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This book takes a critical lens to humanity’s collective regulatory response to the existential threat of climate change. It explores those aspects of the international climate change regime that, albeit born of political dysfunction, demonstrate ingenuity, innovation and experimentation. This includes aspects relating to the legal form of instruments in the regime, the legal character of its provisions, as well as norm hybridity and mutation, and the nature, extent and evolution of differential treatment in the regime. This book argues that innovations and experiments in the international climate change regime have resulted in a highly sophisticated and nuanced legal regime – one that challenges the conceptual boundaries of international law, enriches the core of treaty law and practice and is likely to have an enduring impact on international law, legal practice and diplomatic intercourse.
Le tiers impartial et indépendant a pris une telle importance dans la création normative juridique qu’il a paru nécessaire de se pencher sur ce personnage qui cristallise un grand nombre de critiques, probablement à la mesure du pouvoir accru qui lui est conféré. C’est à cette tâche que le présent volume est consacré. L’auteur emmène le lecteur à travers le dédale de la maison justice : contexte théorique et philosophique, aspects historiques, architecture, iconographie, méthodes décisionnelles, modes alternatifs, les dialogues divers mis en place entre les tiers et avec les experts. L’objectif de l’auteur est de susciter l’esprit critique du lecteur en lui permettant de se poser des questions qu’il n’a pas l’habitude d’énoncer.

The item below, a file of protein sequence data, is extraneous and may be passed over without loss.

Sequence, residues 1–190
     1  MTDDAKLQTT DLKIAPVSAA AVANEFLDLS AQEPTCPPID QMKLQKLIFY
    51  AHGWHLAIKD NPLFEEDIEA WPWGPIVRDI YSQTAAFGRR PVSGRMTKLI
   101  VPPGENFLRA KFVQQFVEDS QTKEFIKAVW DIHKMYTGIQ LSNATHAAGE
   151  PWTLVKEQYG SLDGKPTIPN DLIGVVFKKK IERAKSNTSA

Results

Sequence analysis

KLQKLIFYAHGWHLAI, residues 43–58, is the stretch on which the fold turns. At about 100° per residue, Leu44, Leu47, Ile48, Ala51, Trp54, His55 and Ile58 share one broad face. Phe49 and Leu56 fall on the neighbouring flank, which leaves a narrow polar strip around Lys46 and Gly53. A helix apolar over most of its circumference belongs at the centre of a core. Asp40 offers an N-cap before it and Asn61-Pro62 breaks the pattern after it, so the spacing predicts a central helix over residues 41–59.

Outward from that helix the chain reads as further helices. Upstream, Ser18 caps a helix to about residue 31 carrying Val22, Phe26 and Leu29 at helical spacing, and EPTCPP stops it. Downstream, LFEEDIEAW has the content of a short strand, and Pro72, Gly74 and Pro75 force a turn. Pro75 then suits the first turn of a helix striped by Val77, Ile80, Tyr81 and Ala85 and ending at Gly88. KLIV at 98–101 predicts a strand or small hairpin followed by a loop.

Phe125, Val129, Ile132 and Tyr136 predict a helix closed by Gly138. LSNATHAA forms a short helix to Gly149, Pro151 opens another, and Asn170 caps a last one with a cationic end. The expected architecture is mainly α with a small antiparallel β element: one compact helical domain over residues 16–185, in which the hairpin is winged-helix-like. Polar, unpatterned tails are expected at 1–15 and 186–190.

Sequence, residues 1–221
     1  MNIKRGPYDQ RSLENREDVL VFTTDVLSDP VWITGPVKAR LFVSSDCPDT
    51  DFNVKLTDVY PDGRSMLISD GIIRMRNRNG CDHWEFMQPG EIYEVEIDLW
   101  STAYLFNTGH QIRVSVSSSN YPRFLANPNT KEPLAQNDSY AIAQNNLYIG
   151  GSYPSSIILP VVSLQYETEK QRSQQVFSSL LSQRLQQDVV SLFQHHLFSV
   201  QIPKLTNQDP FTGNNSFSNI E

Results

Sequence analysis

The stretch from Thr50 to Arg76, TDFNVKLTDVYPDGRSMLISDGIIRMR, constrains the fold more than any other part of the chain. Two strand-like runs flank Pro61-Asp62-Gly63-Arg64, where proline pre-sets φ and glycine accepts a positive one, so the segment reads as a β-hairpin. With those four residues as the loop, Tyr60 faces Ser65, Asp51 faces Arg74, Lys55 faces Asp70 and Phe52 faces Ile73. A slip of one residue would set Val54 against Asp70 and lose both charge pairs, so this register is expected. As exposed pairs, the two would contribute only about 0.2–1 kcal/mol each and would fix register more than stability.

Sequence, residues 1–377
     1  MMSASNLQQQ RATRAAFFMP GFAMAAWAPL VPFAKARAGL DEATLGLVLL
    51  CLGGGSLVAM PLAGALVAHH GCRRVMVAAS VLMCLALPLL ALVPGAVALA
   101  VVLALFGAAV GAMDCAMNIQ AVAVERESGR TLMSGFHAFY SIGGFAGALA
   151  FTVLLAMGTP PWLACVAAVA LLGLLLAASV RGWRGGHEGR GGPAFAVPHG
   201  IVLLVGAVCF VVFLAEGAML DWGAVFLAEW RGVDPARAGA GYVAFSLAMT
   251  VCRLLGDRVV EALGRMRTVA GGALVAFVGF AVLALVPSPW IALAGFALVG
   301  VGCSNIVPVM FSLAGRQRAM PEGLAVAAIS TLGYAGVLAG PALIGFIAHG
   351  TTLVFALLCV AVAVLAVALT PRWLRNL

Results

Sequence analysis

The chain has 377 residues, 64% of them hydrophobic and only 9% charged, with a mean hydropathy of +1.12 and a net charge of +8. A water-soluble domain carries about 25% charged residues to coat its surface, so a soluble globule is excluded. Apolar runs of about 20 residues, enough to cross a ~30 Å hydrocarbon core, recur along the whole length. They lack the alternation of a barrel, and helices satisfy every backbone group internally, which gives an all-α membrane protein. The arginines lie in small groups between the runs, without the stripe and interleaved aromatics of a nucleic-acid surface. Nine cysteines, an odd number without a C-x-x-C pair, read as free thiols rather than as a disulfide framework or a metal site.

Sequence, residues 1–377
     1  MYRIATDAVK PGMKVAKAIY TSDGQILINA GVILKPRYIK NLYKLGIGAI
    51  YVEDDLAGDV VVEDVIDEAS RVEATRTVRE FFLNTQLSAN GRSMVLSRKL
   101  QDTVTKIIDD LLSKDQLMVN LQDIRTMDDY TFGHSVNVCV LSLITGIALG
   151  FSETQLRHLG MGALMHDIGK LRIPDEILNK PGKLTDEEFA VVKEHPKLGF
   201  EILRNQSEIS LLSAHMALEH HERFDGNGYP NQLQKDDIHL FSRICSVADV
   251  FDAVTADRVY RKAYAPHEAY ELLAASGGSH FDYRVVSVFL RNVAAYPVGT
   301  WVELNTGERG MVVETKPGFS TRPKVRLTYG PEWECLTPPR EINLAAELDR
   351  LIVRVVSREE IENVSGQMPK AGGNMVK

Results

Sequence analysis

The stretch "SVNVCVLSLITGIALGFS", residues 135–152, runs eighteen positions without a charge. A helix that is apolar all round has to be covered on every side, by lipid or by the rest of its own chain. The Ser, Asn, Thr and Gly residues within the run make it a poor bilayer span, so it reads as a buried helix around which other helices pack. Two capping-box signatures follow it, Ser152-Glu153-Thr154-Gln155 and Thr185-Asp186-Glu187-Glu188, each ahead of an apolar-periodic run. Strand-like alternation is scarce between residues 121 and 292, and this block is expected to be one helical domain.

Author: Jutta Brunnée
The interplay between procedure and substance has not been a major point of contention for international environmental lawyers. Arguably, the topic’s low profile is due to the mostly uncontroversial nature of the field’s distinction between procedural and substantive obligations. Furthermore, the vast majority of environmental law scholars and practitioners have tended to welcome the procedural features of multilateral environmental agreements and their potential to promote regime evolution and effectiveness. However, recent developments have served to put the spotlight on certain aspects of the procedure substance topic. ICJ judgments revealed ambiguity on aspects of the customary law framework on transboundary harm prevention that the field had thought largely settled. In turn, in the treaty context, the Paris Agreement’s retreat from binding emissions targets and its decisive turn towards procedure reignited concerns in some quarters over the “proceduralization” of international environmental law. The two developments invite a closer look at the respective roles of, and the relationship between, procedure and substance in this field and, more specifically, in the context of harm prevention under customary and treaty law.
Editor: Mathias Reimann
The article provides an introduction to, and overview of, the discipline of comparative law as it stands in 2020, including the major debates and positions that define it. It explores the field’s development, coverage in both geographic and subject matter terms, uses and goals, as well its approaches and methods. It addresses itself mainly to non-specialists who are looking for overall orientation or a brief introduction to specific areas or topics. It references the most important literature for readers who want to delve more deeply into particular subjects or issues.